Frances Ha is a Noah Baumbach film without bitterness. This is perhaps unexpected, given the man’s track record. Greenberg is practically an essay on acerbity, while The Squid and the Whale traffics in plenty of divorce-inspired acrimony. That doesn’t mean that his prior work is somehow one-dimensional or excessively pessimistic, far from it. Rather, it makes his newest feature a surprising deviation into joy, if not necessarily optimism. There’s no doubt that this shift comes courtesy of Greta Gerwig, who co-wrote the script and lights up the screen with her performance. It is a collaboration that blends the artistic sensibilities of Baumbach and Gerwig into a new take on the post-college identity crisis.
The lack of belligerence, importantly, is not because the protagonist has nothing about which to be bitter. Frances (Gerwig) is 27 years old, living in Brooklyn, and trying to support herself as an apprentice dancer. Her friends all seem to be doing much better than she is, finding good jobs and nice apartments they can afford. They get progressively more irritating, settling down to married life with Goldman Sachs like irritating bit characters in a Woody Allen party scene. Meanwhile Frances herself is taking step after step in the other direction, losing roommates, jobs and places to live. Yet where Ben Stiller’s Greenberg would just get aggravated and darkly comic, Gerwig has a joie de vivre that refuses to let the film sting.
Frances starts out living with Sophie (Mickey Sumner), her best friend from college. They live like “an old lesbian couple that doesn’t have sex anymore,” spending almost every last moment in joyful cohabitation. More than her dancing, more than her boyfriend, Sophie is the most important thing in Frances’ life. When that boyfriend breaks up with her because she isn’t willing to move in with him and leave Sophie, Frances seems almost indifferent. It is not until Sophie moves out shortly after that Frances begins the long confrontation with real life that drives the film.
Frances Ha is very episodic, and even uses chapter titles to delineate each time its heroine moves to a new apartment. The result is a structure that builds from increasing tension between Gerwig’s bouncy performance and the Baumbachian real world. From dinner parties to awkward confrontations with employment, it is as if the film’s primary motivation is to see how far Frances can be pushed without losing her smile. There are many blithe and insightful moments that follow this pattern, but one is particularly emblematic.
When Frances gets a tax rebate, she takes Lev (Adam Driver) out to dinner. It’s definitely a date, but it’s Frances and therefore it’s more whimsical than one might anticipate. She insists on paying, so when her credit card gets declined she also insists on going to get cash. Baumbach treats his audience to an entertainingly shot sequence of his heroine running through the streets of New York in desperate pursuit of an ATM. It takes much longer than it should, and after finally succeeding she falls flat on her face on the dash back to the restaurant. Her elbow is bleeding, not that she’s noticed, and Lev takes her home to handle the minor medical emergency.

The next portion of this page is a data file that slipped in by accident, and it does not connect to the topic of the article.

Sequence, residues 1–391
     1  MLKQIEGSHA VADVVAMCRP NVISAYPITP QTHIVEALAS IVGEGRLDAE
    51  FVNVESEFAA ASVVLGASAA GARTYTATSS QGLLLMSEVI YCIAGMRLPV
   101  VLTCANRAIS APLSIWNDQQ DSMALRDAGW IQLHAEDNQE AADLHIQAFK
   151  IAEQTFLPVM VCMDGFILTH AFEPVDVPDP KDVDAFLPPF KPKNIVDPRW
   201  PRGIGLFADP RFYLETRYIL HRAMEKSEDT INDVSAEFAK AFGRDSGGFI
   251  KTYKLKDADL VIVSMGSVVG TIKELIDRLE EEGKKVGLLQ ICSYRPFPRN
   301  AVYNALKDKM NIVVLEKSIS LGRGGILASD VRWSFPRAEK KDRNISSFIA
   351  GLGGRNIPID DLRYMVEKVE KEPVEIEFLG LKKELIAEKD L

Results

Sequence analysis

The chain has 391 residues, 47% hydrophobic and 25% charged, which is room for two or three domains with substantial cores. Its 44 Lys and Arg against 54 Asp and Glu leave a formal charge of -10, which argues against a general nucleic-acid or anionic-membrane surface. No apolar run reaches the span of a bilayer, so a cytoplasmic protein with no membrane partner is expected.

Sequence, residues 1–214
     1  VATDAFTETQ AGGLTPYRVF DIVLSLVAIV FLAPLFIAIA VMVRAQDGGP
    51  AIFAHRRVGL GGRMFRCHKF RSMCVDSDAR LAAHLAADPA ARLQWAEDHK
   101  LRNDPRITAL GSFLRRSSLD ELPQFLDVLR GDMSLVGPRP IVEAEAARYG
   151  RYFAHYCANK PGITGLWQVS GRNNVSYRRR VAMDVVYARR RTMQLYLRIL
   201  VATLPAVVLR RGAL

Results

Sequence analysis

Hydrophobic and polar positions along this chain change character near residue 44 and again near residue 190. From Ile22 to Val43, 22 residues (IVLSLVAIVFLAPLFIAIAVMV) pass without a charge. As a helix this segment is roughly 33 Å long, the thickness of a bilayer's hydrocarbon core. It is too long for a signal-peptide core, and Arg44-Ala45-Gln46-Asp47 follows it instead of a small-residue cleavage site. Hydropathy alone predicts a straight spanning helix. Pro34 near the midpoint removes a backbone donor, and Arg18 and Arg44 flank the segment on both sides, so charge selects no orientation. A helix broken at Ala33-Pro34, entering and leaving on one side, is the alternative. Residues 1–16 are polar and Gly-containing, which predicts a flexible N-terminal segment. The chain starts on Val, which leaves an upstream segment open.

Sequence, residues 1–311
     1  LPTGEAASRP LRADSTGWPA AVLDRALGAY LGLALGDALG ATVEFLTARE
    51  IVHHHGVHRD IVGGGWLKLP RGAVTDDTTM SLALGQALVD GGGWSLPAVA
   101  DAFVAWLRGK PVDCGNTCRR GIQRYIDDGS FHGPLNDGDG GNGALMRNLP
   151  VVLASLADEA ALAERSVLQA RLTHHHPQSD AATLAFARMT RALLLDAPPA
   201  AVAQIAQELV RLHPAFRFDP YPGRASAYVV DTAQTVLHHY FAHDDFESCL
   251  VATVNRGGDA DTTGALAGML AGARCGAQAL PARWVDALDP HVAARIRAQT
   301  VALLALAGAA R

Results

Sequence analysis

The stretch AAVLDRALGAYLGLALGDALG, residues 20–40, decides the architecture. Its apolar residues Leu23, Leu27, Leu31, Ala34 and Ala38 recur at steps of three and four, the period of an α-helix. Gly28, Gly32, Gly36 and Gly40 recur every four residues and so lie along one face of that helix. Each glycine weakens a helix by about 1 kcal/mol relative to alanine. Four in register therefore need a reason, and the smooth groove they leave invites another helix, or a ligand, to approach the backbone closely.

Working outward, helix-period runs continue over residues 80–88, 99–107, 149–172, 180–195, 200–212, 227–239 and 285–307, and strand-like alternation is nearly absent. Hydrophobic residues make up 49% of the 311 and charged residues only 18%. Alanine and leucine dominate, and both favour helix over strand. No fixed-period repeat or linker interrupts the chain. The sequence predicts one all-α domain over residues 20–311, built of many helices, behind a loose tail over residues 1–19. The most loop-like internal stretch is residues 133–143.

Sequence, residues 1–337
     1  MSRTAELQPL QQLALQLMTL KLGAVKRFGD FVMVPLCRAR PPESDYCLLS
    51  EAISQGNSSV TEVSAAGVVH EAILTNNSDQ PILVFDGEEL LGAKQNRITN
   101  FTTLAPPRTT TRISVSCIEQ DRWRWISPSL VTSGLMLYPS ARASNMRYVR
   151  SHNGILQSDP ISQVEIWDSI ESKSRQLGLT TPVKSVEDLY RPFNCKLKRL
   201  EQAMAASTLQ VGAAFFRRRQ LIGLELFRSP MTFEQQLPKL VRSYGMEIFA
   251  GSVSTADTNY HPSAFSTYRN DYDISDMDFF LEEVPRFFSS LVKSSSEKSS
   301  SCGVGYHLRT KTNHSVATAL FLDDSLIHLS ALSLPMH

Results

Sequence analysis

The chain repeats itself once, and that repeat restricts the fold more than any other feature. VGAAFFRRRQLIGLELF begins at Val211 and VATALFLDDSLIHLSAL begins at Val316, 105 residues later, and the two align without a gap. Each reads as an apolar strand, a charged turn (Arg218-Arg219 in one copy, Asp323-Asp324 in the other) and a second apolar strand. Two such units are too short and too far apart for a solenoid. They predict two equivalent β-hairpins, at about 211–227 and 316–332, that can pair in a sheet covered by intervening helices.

Gerwig’s Frances is a charmingly blended cocktail of naïve optimism, whimsical determination and slapstick. Baumbach shows her as a dancer on the stage and in rehearsals, but also in the wider world. She gracefully speeds down the street, occasionally dances for friends, and even adds grace to her natural clumsiness. She projects an oblivious confidence, making rash decisions and ignoring good advice in the interest of seeming in control of her life. Frances lies about her accomplishments not because she is jealous of the success of those around her, but because of the awkwardness in being the only one in the room who can’t nonchalantly brag. When she speaks, one can almost see the letters coming out of her mouth, as if she has become a vessel for her own thoughts without even realizing it. Her enunciation has the crisp clarity of someone unaware of the own implications of her words.
Aided by the film’s unassumingly warm cinematography and astutely chosen soundtrack, each scene ratchets up the urgency of its protagonist’s need to grow and learn. And, for the most part, the driving conflict between Frances and the real world achieves a beautiful sense of balance. Frances Ha is exceptional when it gets this right. Yet, in the end, one cannot help but wonder. The film’s most memorable moments are those that capitalize on Gerwig’s graceful inelegance in a world that moves in another direction. Its harmonic conclusion is therefore surprising, wrapping things up with a sense of accomplishment that feels as if it were lifted from another film. Frances Ha effortlessly attains a deep and affecting ambiguity, only to unceremoniously toss it away.
The Upside: Some of the best line delivery of the year is in this film, particularly between Sumner and Gerwig.
The Downside: The danger of falling into the too-cute manic pixie dream girl motif is always present, even if it only becomes problematic toward the end.
On the side: There is now a New York City ordinance that requires all films shot in Brooklyn to cast Adam Driver.
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